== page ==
- On June 11th, President Trump imposed new sanctions on officials from the International Criminal Court, an attempt to rebuke the court for their investigation of alleged US wrongdoing in Afghanistan. Citing the U.S.’ non-signatory status to the Rome Statute, Trump and other top aides imposed these sanctions to stop ICC officials from carrying out financial and property transactions in the U.S. Trump stated that the ICC “threatens to subject current and former United States Government and allied officials to harassment, abuse, and possible arrest,” while Attorney General William Barr mentioned that the administration is “also concerned that foreign powers like Russia are manipulating” the ICC. While the U.S. has previously supported ICC investigations, National Security Adviser Robert O’Brien has called the ICC “ineffective and unaccountable. We know there is corruption at the highest levels of the ICC. We will never allow our American soldiers to be subject to it.”
- On June 16th, the Nordic Monitor discovered secret documents that detailed the Turkish military’s plans to invade both Greece and Armenia in 2014. The discovery of this plan to invade Greece comes as President Erdogan continues to use anti-Greek rhetoric, something he has done regularly since 2013. The plan to invade the two countries seems to be related to the Syrian conflict: by invading Greece and Armenia, Turkey would have access to other territory from which to mobilize its troops should the country lose ground in northern Syria. The discovery of these documents incited harsh backlash from Greece, but the Armenian government has not commented.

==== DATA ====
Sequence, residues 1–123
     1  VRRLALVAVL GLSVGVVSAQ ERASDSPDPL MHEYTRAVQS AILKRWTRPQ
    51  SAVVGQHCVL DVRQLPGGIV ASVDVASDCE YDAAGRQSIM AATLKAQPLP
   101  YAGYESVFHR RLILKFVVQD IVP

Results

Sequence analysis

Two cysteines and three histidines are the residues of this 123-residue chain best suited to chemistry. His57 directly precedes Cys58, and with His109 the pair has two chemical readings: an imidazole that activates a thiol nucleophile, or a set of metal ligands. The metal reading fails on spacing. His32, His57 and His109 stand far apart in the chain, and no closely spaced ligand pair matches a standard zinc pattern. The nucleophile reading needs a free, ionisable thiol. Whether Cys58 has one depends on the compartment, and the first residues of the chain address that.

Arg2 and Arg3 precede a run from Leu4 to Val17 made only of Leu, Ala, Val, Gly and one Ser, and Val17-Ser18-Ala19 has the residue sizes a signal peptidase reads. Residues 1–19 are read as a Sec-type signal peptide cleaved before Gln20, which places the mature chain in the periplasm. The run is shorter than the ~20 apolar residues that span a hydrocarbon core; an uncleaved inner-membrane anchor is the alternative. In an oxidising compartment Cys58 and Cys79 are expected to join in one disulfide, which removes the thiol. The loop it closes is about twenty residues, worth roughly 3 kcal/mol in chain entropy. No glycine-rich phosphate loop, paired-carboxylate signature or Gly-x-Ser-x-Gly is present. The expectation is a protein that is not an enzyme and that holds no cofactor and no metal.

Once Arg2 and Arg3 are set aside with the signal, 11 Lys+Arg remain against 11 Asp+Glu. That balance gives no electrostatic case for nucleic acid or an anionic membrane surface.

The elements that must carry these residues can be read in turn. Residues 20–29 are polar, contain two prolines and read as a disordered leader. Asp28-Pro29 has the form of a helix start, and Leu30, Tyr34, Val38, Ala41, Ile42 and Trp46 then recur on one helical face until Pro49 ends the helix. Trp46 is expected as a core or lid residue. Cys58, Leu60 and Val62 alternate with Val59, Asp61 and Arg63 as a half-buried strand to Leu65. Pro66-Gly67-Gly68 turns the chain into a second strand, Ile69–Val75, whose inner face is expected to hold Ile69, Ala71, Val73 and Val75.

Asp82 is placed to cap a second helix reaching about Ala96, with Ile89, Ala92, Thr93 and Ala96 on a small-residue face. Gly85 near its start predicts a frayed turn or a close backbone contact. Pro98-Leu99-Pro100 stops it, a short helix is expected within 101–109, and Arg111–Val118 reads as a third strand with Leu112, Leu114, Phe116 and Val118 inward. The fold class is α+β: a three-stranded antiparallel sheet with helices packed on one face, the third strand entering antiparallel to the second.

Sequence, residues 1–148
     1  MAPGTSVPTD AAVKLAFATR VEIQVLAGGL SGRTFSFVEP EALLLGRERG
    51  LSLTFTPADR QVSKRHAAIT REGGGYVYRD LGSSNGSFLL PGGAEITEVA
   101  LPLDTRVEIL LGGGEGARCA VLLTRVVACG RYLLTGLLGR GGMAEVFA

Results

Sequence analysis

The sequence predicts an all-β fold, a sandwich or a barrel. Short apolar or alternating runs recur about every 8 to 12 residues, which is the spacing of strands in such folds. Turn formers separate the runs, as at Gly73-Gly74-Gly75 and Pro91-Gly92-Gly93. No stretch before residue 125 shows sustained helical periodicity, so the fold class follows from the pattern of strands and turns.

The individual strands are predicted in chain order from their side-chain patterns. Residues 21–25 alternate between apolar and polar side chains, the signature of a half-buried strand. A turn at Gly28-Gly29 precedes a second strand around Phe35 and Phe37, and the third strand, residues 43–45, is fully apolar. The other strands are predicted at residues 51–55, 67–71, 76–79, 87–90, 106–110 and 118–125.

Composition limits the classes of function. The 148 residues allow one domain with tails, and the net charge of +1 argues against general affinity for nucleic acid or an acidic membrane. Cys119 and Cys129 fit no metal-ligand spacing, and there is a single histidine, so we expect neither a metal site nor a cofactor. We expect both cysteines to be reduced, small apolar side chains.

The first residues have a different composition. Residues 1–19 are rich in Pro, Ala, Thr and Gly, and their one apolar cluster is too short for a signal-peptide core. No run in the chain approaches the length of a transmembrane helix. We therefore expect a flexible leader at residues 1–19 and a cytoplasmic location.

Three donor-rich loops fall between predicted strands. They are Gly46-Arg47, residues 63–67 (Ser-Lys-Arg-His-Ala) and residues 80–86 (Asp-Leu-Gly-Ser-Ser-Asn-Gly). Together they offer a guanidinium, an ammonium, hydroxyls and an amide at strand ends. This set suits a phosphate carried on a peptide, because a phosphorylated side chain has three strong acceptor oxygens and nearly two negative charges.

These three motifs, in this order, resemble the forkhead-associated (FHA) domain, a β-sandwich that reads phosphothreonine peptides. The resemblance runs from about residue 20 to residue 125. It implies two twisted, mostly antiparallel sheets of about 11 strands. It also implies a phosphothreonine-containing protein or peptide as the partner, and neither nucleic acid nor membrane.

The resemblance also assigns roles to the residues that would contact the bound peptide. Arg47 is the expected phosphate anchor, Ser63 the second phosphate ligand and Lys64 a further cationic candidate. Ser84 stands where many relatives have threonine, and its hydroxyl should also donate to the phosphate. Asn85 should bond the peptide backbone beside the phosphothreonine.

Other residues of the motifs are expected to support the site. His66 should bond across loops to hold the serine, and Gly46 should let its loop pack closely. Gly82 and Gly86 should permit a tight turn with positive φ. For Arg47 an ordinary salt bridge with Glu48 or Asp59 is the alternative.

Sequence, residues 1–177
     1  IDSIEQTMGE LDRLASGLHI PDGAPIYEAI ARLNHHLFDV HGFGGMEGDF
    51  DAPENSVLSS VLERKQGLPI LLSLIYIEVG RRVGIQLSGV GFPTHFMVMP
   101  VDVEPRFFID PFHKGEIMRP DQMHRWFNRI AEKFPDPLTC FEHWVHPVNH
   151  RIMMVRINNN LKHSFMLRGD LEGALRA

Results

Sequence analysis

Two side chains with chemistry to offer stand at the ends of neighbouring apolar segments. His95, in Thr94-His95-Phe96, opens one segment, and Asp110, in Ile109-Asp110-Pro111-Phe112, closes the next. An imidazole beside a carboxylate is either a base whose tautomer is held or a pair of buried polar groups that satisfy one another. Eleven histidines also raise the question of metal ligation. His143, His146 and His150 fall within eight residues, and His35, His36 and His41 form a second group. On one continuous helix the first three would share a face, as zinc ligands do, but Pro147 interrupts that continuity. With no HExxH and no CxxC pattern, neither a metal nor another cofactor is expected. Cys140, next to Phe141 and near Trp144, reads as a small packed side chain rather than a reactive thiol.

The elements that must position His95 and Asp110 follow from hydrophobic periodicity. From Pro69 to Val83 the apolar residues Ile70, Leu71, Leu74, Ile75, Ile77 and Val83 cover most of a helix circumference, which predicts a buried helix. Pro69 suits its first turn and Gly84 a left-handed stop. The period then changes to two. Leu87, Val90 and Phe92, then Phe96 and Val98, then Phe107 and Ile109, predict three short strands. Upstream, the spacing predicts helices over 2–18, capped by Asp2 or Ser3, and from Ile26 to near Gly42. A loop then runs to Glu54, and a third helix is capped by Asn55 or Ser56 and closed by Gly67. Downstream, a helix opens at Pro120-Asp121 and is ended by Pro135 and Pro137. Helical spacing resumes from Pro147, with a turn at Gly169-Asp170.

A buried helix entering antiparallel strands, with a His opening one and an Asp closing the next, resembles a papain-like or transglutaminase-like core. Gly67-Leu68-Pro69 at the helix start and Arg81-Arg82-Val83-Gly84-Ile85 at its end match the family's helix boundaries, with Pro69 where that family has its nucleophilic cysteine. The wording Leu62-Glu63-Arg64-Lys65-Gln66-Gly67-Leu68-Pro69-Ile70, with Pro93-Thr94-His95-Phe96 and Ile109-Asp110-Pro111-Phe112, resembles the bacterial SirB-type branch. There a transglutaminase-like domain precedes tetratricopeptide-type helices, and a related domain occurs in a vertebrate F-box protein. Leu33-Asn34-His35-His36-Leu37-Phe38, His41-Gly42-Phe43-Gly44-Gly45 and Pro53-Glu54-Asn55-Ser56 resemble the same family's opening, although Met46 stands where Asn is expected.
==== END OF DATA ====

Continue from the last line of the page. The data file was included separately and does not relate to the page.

- On June 17th, the United States imposed the harshest sanctions yet on Syria’s Bashar al-Assad in an attempt to choke off the regime’s revenue and coerce Assad back to UN-led negotiations. The sanctions, dubbed the Caesar Syria Civilian Protection Act, targeted those closest to Assad, including his wife, siblings and senior generals, with travel and financial restrictions. These sanctions aim to freeze the assets of anyone dealing with Syria, regardless of nationality, and also hit those dealing with Russia and Iran, Assad’s backbone of support. A senior Trump administration official claimed the Caesar Act is “meant to keep the foreign investors out. Some analysts claim the new legislation will severely impact Lebanon, which has already been struggling with internal conflicts, protests, and an economic downturn. Lebanon and Syria have a long history of informal trading across their border. Sami Nader, director of the Levant Institute for Strategic Studies, said that “by making formal trade more difficult, the US sanctions will drive commerce further underground and turbo-charge the smuggling of fuel, wheat and other basic goods.” Since these informal goods are subsidized by the Lebanese government, an increase in smuggling would drain Lebanon’s already-squeezed U.S. dollar supply. Apart from economic impacts, the Caesar Act could also further fracture Lebanon’s political structure, one that is split between Hezbollah and its allies and those who vehemently oppose ties with al-Assad’s regime.